As a culture, we are becoming more and more conscious of the effects that our daily choices and consumption patterns have on the environment that’s why a lot of us are becoming a home appliance geek.

While 20 or 30 years ago we might not have thought about the long-term environmental effects of plastic packaging or shipping items from a great distance, things have changed now. We carefully select eco-friendly choices by evaluating the sustainability of the materials we utilize. Despite being minor, the steps nevertheless exist.

Yet there is much more to seek in terms of efficiency and sustainability when it comes to the appliances that make our lives simpler. Ordinary home appliances have a surprising effect on the environment.

The refrigerator uses a tremendous amount of energy to operate, making a kitchen without one impossible. According to a research by the Energy Mining Planning Unit in Colombia, an aging refrigerator may use up to 50% of the energy generated at home. If a component of the refrigerator isn’t functioning properly, its power use might skyrocket, having an impact on both your expenses and the environment. In these situations, you should contact a qualified electrician to prevent injury to yourself.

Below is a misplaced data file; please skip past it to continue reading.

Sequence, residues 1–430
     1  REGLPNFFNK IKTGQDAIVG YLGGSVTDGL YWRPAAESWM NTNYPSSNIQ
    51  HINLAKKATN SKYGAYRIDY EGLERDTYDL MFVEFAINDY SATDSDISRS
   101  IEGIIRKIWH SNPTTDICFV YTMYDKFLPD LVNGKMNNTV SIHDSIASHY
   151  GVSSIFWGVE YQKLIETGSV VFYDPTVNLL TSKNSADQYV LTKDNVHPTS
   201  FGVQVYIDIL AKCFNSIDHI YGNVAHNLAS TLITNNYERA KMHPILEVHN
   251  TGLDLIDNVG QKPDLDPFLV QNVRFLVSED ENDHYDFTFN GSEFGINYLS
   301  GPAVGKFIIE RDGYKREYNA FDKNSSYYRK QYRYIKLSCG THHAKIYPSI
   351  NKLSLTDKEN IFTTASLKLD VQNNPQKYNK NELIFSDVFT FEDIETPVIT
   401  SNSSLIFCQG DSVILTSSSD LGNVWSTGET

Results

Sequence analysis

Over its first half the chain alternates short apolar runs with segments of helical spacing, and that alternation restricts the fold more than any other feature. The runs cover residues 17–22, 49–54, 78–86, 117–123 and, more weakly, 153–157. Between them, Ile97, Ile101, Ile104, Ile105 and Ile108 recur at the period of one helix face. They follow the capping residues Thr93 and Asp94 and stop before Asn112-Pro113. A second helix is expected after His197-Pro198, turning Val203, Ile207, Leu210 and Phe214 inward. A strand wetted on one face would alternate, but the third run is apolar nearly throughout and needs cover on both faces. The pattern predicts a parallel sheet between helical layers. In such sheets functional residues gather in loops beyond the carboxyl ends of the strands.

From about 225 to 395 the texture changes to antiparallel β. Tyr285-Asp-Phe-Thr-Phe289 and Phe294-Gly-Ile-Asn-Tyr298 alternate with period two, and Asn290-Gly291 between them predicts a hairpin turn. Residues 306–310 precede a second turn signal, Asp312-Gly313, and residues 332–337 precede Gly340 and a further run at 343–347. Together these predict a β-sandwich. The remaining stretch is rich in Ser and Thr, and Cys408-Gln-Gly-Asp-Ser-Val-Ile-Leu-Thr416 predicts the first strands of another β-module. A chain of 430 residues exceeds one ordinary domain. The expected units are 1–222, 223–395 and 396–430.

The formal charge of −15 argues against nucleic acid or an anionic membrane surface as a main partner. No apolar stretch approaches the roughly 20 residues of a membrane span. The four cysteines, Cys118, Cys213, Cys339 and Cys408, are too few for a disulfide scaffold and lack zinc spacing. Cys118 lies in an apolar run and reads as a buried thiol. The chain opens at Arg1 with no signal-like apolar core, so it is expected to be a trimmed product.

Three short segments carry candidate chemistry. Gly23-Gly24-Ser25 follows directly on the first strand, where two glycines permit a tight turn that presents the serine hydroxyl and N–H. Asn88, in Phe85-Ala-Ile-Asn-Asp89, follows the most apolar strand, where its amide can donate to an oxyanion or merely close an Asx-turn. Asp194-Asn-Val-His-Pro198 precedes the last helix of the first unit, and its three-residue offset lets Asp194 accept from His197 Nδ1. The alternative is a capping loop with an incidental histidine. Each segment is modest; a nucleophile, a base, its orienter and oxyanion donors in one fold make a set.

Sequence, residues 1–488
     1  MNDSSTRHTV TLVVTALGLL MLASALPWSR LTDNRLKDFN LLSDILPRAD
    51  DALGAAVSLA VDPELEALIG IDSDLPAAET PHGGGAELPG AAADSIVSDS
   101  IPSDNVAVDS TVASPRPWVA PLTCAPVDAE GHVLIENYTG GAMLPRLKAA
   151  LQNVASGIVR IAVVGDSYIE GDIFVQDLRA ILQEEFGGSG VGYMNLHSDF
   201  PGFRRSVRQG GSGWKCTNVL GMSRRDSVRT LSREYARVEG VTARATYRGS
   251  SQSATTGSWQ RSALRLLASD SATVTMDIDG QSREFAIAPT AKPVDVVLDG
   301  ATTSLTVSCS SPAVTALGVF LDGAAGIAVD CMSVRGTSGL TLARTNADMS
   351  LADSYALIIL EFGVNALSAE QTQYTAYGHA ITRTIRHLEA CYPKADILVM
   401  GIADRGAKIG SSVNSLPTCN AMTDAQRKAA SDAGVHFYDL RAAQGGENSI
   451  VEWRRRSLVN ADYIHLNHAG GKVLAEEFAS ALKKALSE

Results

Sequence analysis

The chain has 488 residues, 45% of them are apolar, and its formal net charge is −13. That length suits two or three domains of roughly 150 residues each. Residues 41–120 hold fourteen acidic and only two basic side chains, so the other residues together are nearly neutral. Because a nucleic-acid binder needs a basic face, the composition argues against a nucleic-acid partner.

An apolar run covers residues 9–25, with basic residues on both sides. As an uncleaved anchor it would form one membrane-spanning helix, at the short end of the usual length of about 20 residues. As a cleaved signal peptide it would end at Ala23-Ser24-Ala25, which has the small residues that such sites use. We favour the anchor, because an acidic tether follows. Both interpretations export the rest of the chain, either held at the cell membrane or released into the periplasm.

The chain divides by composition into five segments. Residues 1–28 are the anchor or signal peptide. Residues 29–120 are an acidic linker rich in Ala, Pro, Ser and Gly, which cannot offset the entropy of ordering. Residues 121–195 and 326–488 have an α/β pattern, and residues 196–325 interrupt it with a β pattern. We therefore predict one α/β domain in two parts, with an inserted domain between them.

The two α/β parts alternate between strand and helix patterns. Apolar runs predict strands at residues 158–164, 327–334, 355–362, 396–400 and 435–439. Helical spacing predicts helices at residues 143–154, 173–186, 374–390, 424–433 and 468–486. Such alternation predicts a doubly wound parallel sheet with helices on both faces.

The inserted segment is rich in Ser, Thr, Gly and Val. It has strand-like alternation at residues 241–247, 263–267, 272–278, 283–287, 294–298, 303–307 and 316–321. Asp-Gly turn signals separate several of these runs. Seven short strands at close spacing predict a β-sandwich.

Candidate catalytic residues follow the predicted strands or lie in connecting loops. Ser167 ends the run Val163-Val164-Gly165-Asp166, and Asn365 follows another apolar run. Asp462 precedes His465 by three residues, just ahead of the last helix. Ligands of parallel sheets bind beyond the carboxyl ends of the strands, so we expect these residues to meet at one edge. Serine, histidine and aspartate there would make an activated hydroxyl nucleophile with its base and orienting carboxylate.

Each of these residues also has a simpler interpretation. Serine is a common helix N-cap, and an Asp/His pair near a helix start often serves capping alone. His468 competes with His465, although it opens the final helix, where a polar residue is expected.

Both electric stoves and ovens are bad for the environment. The energy needed comes from burning coal, same like many other heat-producing equipment. The EPA estimates that in 2015, 29 percent of all greenhouse gas emissions came from burning coal and other fossil fuels to produce energy. On the plus side, the UK recently broke its own record for the longest period without burning coal to produce energy, lasting two weeks without doing so.

A dishwasher could be the best option if you’re attempting to save the environment, but only if it’s relatively recent and utilized properly. Even while dishwashers use less water and energy than traditional hand washing, an old or broken one might actually make you use more water and energy.

Your single-use coffee pod maker is another device to be careful of. Despite the fact that some manufacturers of coffee pods have switched to recyclable materials, many consumers still do not recycle, which means that plastic and aluminum coffee pods continue to wind up in landfills.